The method of the present invention comprises distributing an aliquot of a volume of a biological sample containing particles over an extended area. The aliquot is examined under low resolution by a first microscopic means. The microscopic means forms an optical still image of the extended area. The optical image is converted into an electronic image. An electronic processor electronically counts the number of particles in the electronic image. These steps are repeated until the number of aliquots examined under low resolution equals to a first a priori determined number of aliquots. The total number of particles counted in the electronic images which represent the aliquots examined under low resolution is determined. The number of particles totalled is then compared to a first a priori determined number of particles. The method can be terminated based upon this comparison and the content of the volume of biological sample is deemed diagnostically insignificant.

Otherwise, the method is continued. An aliquot of a second fractional volume of biological sample is distributed over an extended area. The aliquot is examined under high resolution by a second microscopic means. An optical still image of the extended area is formed. The optical image is converted into an electronic image. An electronic processor counts the number of particles in the electronic image. These steps are repeated until the number of aliquots examined under high resolution equals to a second a priori determined number of aliquots. The total number of particles in the total aliquots examined under high resolution is counted. The number of particles totalled is then compared to a second a priori determined number of particles. The diagnostic significance of the biological sample is then determined based upon this comparison.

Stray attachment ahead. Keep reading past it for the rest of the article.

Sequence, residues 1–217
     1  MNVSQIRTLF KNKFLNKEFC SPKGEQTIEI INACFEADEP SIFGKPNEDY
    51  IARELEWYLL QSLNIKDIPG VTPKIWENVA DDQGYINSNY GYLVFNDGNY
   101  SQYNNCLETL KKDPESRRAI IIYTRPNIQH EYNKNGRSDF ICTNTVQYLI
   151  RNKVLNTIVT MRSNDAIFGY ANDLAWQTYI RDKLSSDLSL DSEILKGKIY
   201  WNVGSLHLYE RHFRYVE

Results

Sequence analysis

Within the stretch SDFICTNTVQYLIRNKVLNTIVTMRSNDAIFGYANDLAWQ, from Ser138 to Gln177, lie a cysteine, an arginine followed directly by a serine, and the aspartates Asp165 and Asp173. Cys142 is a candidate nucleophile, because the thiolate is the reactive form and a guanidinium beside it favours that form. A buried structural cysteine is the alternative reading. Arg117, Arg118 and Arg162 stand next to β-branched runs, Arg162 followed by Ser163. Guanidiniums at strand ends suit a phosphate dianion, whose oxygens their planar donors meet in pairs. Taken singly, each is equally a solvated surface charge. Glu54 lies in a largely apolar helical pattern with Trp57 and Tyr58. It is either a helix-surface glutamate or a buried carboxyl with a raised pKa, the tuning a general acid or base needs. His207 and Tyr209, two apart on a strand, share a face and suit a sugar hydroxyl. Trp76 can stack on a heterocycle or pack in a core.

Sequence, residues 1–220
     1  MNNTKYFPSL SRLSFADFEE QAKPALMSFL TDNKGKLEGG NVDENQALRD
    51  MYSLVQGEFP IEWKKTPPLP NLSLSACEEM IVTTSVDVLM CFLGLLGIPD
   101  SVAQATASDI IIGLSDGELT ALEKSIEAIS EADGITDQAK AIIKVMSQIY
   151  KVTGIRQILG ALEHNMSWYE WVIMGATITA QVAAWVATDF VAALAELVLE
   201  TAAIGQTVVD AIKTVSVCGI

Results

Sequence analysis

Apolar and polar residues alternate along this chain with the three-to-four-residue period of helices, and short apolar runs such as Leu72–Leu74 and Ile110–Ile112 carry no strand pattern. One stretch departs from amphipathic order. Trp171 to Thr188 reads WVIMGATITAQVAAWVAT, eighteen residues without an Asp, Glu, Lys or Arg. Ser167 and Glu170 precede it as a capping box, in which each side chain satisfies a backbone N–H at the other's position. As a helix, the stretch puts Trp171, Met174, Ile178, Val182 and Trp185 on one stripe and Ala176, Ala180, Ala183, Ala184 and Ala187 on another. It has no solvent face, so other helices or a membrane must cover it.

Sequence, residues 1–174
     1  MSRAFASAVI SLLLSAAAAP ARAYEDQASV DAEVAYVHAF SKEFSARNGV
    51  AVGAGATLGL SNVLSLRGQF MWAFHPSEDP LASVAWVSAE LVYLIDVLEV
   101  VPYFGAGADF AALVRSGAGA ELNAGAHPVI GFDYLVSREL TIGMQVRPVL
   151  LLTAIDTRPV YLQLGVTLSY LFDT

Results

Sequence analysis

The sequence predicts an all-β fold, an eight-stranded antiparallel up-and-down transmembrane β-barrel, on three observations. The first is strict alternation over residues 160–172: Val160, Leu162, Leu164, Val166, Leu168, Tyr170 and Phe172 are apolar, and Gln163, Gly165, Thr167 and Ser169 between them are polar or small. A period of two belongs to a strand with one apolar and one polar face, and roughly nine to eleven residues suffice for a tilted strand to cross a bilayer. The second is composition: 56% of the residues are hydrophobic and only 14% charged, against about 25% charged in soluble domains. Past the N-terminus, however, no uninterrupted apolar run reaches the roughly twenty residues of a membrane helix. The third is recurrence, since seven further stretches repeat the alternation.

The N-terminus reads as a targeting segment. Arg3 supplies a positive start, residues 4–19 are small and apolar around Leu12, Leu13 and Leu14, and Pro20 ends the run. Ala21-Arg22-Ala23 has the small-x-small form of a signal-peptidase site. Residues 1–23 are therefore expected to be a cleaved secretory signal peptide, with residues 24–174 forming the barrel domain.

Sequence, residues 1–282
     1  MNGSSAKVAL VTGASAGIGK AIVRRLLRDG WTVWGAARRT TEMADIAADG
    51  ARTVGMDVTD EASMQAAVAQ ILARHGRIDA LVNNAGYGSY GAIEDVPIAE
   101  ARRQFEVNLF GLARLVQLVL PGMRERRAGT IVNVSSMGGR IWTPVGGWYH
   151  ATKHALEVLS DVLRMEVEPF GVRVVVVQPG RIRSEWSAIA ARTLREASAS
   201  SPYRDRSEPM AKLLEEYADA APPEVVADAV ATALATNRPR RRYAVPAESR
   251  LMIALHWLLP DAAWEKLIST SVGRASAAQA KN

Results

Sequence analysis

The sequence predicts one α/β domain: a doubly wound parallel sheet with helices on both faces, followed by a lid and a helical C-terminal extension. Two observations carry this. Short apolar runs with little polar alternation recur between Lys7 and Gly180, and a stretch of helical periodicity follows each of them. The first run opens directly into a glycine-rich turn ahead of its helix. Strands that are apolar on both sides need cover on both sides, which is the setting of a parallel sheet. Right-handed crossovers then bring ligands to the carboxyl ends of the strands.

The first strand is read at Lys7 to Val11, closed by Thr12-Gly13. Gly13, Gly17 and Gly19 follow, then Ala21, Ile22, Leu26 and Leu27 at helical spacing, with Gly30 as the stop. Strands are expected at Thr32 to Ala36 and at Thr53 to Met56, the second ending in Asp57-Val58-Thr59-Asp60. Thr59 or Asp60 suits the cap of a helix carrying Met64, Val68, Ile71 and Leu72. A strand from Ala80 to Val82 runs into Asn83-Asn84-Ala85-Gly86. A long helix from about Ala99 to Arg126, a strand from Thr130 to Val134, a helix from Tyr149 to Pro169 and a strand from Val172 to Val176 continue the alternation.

The method of the present invention may be practiced by using an apparatus 10, shown in FIG. 1. The apparatus 10 includes a microscope 30, which has a low power resolution lens 31 and a high power resolution lens 33. Each of the lenses, 31 or 33, can be focused on an examination area 18 of the microscope slide 20. Each aliquot of the biological sample is distributed over the microscopic slide 20. The examination area 18 is illuminated below by a strobe light 32 which is preferably a U.S. Scientific Instrument Corporation Model 3018, containing a 2UP1.5 lamp. The light 32 is directed at the microscope 30 in a direction substantially parallel to the thickness of the slide 20. The strobe light 32 operates, preferably, at 1/60th of a second, thereby forming a series of still optical images at the microscope 30.